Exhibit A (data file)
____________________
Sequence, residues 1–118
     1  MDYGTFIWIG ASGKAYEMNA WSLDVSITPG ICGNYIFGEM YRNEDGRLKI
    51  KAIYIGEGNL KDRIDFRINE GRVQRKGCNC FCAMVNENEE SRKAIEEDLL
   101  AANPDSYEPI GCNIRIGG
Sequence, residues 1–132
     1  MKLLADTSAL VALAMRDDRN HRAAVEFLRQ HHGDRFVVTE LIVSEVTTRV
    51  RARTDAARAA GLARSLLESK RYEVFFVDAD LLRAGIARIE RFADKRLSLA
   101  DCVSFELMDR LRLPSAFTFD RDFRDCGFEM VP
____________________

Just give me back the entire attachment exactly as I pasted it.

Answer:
Sequence, residues 1–118
     1  MDYGTFIWIG ASGKAYEMNA WSLDVSITPG ICGNYIFGEM YRNEDGRLKI
    51  KAIYIGEGNL KDRIDFRINE GRVQRKGCNC FCAMVNENEE SRKAIEEDLL
   101  AANPDSYEPI GCNIRIGG
Sequence, residues 1–132
     1  MKLLADTSAL VALAMRDDRN HRAAVEFLRQ HHGDRFVVTE LIVSEVTTRV
    51  RARTDAARAA GLARSLLESK RYEVFFVDAD LLRAGIARIE RFADKRLSLA
   101  DCVSFELMDR LRLPSAFTFD RDFRDCGFEM VP